While that may be true, that is actually not the main reason why the Wisdom of the Language works better than the Wisdom of the Crowds. Using the Wisdom of the Language, a brand-name website like Google will actually ultimately become superfluous. As people become aware of the fact that weather.com has reliable information about weather, and that hotels.com has reliable information about hotels, they will no longer need to search for “weather” or “hotels” at the Google website. Instead, they can skip that detour and go directly to the information source.

    Most people still do not have the media literacy skills to be able to reliably evaluate the quality of information different websites provide — but it is getting better, slowly but surely (and many Wisdom of the Language websites are helping to pave the way).

  • Profile photo of feedwordpress

    feedwordpress 07:22:18 on 2013/02/24 Permalink
    Tags: , , , , , , , , end justify the means, ends, Enlish, , , , , , , means, , , , , , search engine, , transaction, transactional,   

    Search: What is it Good for? 

    Questions — what are they good for? Answers — what are they good for? Talk: What is it good for?

    We need to pay attention here: Does the end justify the means?

    Is your end goal the same end goal as your business partner’s? If your partner’s end goal is to get you to click on a link, then you need to ask yourself: How satisfying is it for me to click on a link? If you can’t get enough satisfaction out of that transaction, then why are you doing it? Why do you consider someone whose end goal is to get you to click on a link your partner, if clicking on links doesn’t even make you happy in the short run? Do you think you will ultimately — in the long run — get more satisfaction out of it? Will you halt Global Warming? Is clicking on links a way that you hope to get into Heaven? If the answers to these questions are “no”, then maybe Google is in fact not your ideal partner.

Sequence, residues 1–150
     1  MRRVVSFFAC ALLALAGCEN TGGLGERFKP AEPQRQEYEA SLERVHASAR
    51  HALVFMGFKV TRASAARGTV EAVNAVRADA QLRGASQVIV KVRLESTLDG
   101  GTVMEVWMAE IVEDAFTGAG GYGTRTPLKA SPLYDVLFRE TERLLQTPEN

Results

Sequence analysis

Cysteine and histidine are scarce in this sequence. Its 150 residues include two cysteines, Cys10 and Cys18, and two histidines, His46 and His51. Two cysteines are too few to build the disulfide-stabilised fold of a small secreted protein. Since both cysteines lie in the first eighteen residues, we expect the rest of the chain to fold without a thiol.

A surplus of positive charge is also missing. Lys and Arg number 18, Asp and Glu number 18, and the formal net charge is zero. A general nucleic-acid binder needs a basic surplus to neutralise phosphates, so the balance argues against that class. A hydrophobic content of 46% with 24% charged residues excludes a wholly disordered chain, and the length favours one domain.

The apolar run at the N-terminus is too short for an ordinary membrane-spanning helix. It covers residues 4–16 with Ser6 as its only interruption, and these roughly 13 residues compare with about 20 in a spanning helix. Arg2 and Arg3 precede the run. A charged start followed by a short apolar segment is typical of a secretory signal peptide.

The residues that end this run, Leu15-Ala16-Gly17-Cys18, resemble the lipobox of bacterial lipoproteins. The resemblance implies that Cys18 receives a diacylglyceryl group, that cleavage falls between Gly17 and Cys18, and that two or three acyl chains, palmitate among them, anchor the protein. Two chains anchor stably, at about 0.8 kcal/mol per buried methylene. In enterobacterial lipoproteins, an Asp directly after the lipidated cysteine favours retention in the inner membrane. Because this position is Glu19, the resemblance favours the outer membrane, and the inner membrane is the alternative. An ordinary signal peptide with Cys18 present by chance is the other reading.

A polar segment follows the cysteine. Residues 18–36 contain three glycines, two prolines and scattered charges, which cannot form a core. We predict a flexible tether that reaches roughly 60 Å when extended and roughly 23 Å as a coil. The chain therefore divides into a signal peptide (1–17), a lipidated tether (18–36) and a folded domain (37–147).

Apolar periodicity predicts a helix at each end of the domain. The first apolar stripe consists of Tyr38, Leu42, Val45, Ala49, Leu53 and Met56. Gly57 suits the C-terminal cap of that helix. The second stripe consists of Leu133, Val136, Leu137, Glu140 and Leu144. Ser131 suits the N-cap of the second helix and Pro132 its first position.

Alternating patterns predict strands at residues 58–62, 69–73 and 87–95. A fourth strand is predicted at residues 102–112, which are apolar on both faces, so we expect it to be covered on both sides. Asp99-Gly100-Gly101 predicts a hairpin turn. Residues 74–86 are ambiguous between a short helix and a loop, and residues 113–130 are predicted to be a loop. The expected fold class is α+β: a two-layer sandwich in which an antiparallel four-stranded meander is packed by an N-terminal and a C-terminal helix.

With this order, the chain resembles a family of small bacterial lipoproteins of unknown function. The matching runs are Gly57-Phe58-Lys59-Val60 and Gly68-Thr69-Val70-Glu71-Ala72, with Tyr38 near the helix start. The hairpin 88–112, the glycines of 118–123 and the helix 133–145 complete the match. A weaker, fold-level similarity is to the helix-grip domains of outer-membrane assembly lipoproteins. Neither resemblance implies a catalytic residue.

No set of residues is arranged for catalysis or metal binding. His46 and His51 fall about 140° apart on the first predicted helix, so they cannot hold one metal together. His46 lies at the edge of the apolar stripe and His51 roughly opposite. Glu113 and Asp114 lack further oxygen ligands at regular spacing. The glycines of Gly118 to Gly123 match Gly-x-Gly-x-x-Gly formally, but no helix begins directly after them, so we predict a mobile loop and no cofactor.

If you have learned how to use the Internet, then all you need to succeed is to realize that the World Wide Web is all about disintermediation: there is no need to learn how to speak English if you already know how to speak it. Since more and more people know how to speak English, the question “do you speak English?” is becoming more and more superfluous. You can simply assume that others know how to speak the same language as you — although you may be wrong occasionally, you will usually be right… and you will know for certain within a matter of seconds.

    Let me use a concrete example: When you visit books.com, then your partner at books.com will present you a commercial website which has this end goal: trading books. If you don’t want to trade books, then don’t visit books.com. If you don’t want to visit a commercial website, then don’t visit a .com address (but in that case, you are advised to be very careful — because there are many people out there whose end goal is nothing more than to take as much cash out of your pocket as possible without providing anything in return for it; Historically, the reason why .com addresses were developed first is simple: commercial businesses were the first to expand their business activity into incorporating use of the world-wide web). The meaning / significance of domain names (and in particular: top-level domains) is still not very well understood by many on a conscious level, but most people do have an intuitive understanding that is by and large based on the Wisdom of the Language.